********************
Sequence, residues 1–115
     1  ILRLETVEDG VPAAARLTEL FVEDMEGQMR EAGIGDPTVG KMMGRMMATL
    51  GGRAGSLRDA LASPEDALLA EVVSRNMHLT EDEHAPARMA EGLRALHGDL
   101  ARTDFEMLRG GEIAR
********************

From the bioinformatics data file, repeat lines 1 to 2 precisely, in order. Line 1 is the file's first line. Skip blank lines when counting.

Sequence, residues 1–115
     1  ILRLETVEDG VPAAARLTEL FVEDMEGQMR EAGIGDPTVG KMMGRMMATL